Homework blues | Handwriting clue to heart disease
Homework blues: Improving your child's study habits
Sep 05, 2008: Do you find yourself constantly battling with your kids to study and do their
homework? You are not alone. The truth is, kids are not born with the study
habits needed for them to do well in school. They must be
Homework gives children a chance to review what they learned in
class. It also teaches them to work independently and encourages self-discipline
Good habits are best formed at a young age, but it
is never too late to start. Use the following guidelines as a place to begin
with your kids. The more involved your children are in the discussion, the more
likely they will develop good study habits that will follow them into high
school and beyond.
* Determine a good study time. Some kids work better
right after school; some need some downtime first. You may need to work around
an after-school activity, team practice or religious school. Set a schedule and
stick to it. If there is no homework one day, have them use this time to read or
work on long-term projects. It's important for children to get used to studying
* Get organized. Pin up a school calendar where your child
can record assignments and then check them off when they're completed. Have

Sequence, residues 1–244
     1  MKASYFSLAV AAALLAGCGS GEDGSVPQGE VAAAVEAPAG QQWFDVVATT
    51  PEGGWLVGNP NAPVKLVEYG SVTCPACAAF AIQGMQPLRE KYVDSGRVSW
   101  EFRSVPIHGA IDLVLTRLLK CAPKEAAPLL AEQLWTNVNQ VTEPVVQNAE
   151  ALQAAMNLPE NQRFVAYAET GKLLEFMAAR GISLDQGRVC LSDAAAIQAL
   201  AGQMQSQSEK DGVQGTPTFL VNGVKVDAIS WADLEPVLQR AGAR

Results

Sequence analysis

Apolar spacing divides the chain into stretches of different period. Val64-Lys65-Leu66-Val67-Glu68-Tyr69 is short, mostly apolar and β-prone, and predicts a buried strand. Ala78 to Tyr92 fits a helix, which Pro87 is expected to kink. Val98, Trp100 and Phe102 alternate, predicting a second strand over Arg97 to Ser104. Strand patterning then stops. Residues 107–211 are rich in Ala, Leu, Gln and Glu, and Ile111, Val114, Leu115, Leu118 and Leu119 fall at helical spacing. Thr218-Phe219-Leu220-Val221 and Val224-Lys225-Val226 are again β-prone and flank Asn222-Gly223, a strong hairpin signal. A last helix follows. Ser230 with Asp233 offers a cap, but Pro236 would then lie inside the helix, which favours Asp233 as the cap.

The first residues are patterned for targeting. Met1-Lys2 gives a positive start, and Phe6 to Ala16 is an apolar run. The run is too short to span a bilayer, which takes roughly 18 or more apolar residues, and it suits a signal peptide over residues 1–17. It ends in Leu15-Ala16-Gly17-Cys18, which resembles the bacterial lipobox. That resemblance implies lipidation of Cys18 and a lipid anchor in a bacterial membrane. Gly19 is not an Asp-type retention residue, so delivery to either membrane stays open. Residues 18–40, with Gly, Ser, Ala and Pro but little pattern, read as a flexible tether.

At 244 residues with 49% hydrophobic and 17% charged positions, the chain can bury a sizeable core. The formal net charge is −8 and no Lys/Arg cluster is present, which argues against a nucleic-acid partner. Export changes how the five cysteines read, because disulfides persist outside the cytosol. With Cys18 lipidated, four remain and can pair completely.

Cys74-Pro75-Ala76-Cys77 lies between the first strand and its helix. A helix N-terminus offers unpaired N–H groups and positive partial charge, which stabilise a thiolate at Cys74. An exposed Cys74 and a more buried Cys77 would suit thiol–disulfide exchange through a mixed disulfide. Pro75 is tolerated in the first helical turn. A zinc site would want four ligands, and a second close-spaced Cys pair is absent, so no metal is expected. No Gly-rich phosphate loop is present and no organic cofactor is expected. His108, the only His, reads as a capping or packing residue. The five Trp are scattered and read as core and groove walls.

pens, pencils, erasers, sharpeners, calculator and paper handy. This will also
show how much you value their study time and space.
interruptions. Take messages if the telephone rings and turn off the TV and cell
phones. Don't let children play video games until homework is done. The fewer
distractions, the better.
* Take a break. Research shows how long
children in different grades can stay focused:
o First- and
second-graders - about 15 minutes
o Third- and fourth-graders - about 20
o Fifth- and sixth-graders - about 30 minutes
kitchen timer to allot 15 to 30 minutes for focused study, and then give your
kids a five-minute break. This will help them be more focused during the set
* Find a comfortable study space. Make sure that the study
area has good lighting and is kept at a comfortable temperature. Provide a table
or desk that has enough space for writing.
* Ask to see your child's
work on a regular basis. Show interest in what your child is learning. Ask
Many children have planners where they are required to write